As deep sea mining talks end, Greenpeace calls for a mining moratorium, not regulations that allow destruction

As deep sea mining talks end, Greenpeace calls for a mining moratorium, not regulations that allow destruction

KINGSTON, JAMAICA — A new meeting of the International Seabed Authority (ISA) Council, made up of 36 governments, finished today in Kingston, Jamaica, with the United Kingdom becoming the 23rd country to announce its support for a moratorium or a precautionary pause on deep sea mining. A few weeks earlier, Monaco officially announced its support for putting a halt to the development of this destructive industry.  

“Each new announcement of support for a moratorium is a beacon of hope for the deep sea and the global ocean. It reflects the growing recognition by the international community of the urgent need to protect our oceans,” said François Chartier, head of the Greenpeace International delegation attending the negotiations. “However, more countries still need to acknowledge that the world does not want or need deep sea mining and put the brakes on this industry,” he added.

While the ISA continues its negotiations of mining regulations, known as the mining code, more scientists, businesses, indigenous peoples, and other civil society groups have continued to show their opposition to deep sea mining. This industry would bring about irreversible biodiversity loss to the global ocean, already under enormous stress from climate change, acidification, pollution, and other impacts resulting from human activities.

“We urge states to move away from negotiating a mining code that would pave the way for the start of another extractive industry and focus instead on putting in place a moratorium on deep sea mining. A moratorium is the only responsible way for states to fulfill their obligations under the Law of the Sea Convention to protect the marine environment,” said Chartier.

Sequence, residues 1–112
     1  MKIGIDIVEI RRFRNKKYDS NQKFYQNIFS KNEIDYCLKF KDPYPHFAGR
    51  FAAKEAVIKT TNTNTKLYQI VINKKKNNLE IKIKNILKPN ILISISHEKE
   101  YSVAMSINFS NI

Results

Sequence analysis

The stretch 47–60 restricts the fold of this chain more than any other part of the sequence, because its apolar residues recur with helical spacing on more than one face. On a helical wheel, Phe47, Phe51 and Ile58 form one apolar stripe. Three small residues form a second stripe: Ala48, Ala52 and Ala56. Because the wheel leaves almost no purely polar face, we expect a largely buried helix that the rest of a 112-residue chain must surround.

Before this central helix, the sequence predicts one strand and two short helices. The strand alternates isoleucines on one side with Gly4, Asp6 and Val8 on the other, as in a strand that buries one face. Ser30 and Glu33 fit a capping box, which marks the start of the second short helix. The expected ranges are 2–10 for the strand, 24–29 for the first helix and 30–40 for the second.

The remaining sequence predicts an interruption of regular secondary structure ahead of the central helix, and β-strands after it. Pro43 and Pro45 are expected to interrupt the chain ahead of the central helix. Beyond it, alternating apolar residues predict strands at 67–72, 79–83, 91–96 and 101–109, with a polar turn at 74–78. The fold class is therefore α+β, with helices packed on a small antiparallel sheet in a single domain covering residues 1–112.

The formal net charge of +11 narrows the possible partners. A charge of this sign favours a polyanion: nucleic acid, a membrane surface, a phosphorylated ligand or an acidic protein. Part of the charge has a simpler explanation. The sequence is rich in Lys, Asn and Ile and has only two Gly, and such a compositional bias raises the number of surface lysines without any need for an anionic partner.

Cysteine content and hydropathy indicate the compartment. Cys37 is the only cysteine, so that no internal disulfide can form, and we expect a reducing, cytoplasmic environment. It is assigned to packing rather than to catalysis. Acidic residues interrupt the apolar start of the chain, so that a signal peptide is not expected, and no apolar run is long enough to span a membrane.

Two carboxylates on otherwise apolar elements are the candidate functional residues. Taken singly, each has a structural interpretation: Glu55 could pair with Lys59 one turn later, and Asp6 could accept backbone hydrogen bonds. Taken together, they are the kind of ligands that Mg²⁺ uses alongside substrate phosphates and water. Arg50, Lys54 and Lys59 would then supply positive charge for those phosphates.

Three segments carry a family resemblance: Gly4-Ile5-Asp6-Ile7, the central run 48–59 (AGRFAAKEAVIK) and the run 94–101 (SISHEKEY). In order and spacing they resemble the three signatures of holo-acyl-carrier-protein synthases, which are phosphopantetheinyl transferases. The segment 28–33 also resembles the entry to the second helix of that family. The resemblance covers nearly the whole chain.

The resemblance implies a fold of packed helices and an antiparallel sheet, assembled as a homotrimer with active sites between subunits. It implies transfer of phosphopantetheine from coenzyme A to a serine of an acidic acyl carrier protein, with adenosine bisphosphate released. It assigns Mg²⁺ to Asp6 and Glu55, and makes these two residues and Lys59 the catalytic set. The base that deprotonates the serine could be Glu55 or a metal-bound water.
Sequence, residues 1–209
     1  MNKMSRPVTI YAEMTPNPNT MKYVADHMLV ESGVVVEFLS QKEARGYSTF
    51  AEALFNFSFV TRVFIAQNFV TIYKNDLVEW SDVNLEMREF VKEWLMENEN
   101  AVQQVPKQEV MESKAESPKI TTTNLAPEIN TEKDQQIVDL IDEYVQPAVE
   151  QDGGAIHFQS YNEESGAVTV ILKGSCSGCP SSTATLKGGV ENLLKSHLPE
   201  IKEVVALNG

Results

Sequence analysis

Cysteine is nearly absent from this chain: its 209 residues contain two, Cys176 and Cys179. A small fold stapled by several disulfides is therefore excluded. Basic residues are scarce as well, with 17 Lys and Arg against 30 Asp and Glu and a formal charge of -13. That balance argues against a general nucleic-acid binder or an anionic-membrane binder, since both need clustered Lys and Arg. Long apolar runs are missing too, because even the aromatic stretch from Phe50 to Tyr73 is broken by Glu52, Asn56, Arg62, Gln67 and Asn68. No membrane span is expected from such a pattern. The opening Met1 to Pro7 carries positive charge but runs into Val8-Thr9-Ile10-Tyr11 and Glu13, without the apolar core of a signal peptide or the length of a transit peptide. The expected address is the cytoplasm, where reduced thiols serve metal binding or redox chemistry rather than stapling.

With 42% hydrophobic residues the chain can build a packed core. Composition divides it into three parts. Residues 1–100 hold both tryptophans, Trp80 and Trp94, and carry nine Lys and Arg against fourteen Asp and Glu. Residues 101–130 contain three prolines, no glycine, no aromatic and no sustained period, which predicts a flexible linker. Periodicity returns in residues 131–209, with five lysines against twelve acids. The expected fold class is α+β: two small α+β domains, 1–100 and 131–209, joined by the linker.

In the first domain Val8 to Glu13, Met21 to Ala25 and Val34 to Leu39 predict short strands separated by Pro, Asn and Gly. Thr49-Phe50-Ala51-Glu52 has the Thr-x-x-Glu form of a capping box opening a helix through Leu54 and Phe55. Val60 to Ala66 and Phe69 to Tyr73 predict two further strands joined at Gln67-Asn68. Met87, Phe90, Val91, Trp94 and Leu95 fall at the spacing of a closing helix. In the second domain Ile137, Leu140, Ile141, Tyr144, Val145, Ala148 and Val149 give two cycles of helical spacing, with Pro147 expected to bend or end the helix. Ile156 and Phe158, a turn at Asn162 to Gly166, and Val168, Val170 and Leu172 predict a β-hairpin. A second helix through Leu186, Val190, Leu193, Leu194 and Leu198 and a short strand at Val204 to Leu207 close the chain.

At the end of this latest 10-day round of negotiations, the mining code is still very far from being finalized, and many critical divergences of opinion persist among state parties. There is significant discomfort among some delegations about being pushed to rush these negotiations simply because one single company, The Metals Company, is ignoring the need for more science and using a legal loophole to speed up the process. 

Known as the “two-year rule,” the provision embedded in the U.N. Convention on the Law of the Sea (UNCLOS) obligates the ISA to “consider and provisionally approve” applications two years after they are submitted, whether it has finalized regulations or not. At the deadline this past July, the ISA Council reached a decision that repeated governments’ unwillingness to green-light deep sea mining without any rules. However, TMC subsequently announced that they will apply for an exploitation contract after the ISA’s meeting in July 2024, irrespective of whether governments have completed their work or not, and will also increase their mining capacity. 

“Contrary to what the deep sea mining industry claims, deep sea mining is not a solution to the climate crisis. Deep sea minerals are not needed for a green energy transition. Instead, it represents the continuation of the same extractive model that we have seen with oil and gas and will only serve to open the last remaining frontiers of the world — the deep ocean — to massive destruction,” said Chartier.    



Brandon Wei, Communications officer, Greenpeace Canada; +1 778-772-6138

Tanya Brooks, Greenpeace USA Senior Communications Specialist

P:  703-342-9226, E: 

,Read More  Greenpeace Canada  

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